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The Pittsburgh Post Gazette reports that Pennsylvania State Senator Kim Ward has preposed a law that would make the failure to report a violent crime a criminal offense.  The bill is named “Jennifer’s Law” in honor of “a Westmoreland County woman who was tortured and murdered.”

For more information, go to:

http://www.post-gazette.com/pg/10172/1067209-100.stm?cmpid=latest.xml

http://senatorward.com/press/2010/0610/061810.htm

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The Pittsburgh Post Gazette reports that Pittsburgh Mayor Luke Ravenstahl has replaced the majority of the city’s Citizen Police Review Board.  The new appointments would replace five out of seven members of the board.  Ravenstahl’s announcement happened to coincide with a contempt of court proceeding the Citizen Review Board filed against Pittsburgh Police Chief Nate Harper.  The Review Board has accused Chief Harper of intentionally withholding documents requested in conjunction with a G-20 investigation.

For more information, go to:

http://www.post-gazette.com/pg/10169/1066592-100.stm

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Commonwealth v. Christopher Doty  2010 PA Super 105 (06/09/2010)

Topic: Fugitive Status – Waiver v. Forfeiture of Appellate Rights Challenging an Illegal Sentence

Summary: When a defendant becomes a fugitive from justice during the appellate period, he may forfeit his right to pursue an appellate review.  This forfeiture applies to issues that cannot be waived, like the legality of the sentence.

http://www.aopc.org/OpPosting/Superior/out/S09009_10.pdf

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Commonwealth v. Joseph Abraham  2010 PA Super 104 (6/08/2010)

Topic: Ineffective Assistance of CounselPCRA – Collateral Consequences

Summary: In view of the U.S. Supreme Court’s ruling in Padilla v. Kentucky, the fact that a consequence of a conviction is a collateral one will not protect an attorney from an ineffective assistance of counsel claim.  To be effective, an attorney must inform his client of any consequences when the “consequences in question are succinct, clear, and distinct….”  Also, an attorney will be found to be ineffective if she fails to give “good advice about a serious consequence.”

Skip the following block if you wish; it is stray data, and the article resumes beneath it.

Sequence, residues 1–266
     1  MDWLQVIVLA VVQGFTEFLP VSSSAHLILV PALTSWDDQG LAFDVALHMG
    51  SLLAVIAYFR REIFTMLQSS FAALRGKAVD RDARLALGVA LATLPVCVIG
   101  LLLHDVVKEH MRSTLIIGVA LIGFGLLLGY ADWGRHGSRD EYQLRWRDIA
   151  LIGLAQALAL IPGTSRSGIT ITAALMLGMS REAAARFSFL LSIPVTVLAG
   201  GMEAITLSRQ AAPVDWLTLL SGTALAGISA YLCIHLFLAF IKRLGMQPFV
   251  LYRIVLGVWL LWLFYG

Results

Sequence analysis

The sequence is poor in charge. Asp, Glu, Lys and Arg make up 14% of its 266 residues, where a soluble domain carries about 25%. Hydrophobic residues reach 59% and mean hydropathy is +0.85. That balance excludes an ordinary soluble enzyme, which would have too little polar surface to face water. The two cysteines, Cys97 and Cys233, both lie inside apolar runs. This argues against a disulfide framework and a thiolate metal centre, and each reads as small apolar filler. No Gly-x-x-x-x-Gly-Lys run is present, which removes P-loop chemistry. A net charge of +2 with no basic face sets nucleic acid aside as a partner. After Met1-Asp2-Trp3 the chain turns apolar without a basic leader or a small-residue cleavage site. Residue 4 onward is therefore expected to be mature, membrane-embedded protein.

http://www.aopc.org/OpPosting/Superior/out/S21023_10.pdf

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Bickerton and Bickerton attorney Lea T. Bickerton has been named a Rising Star in the 2010 Pennsylvania Super Lawyers magazine.  According to SuperLawyers.com, “no more than 2.5 percent [of Pennsylvania attorneys] are named to the Rising Stars list.”

For more information, go to:

http://www.superlawyers.com/about/selection_process.html

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Although many assume that arson investigations are based on hard science, the May 7, 2010 episode of 20/20 pointed out numerous flaws with arson science.  The investigation revealed that many assumptions made by arson investigators are based on word of mouth rather than scientific analysis.  Examples included conclusions of points of origin, the use of accelerants, the effect of man-made fires on glass, and the typical behavior of fire.  The investigation brought to light several cases where the defendant was convicted based on faulty arson evidence.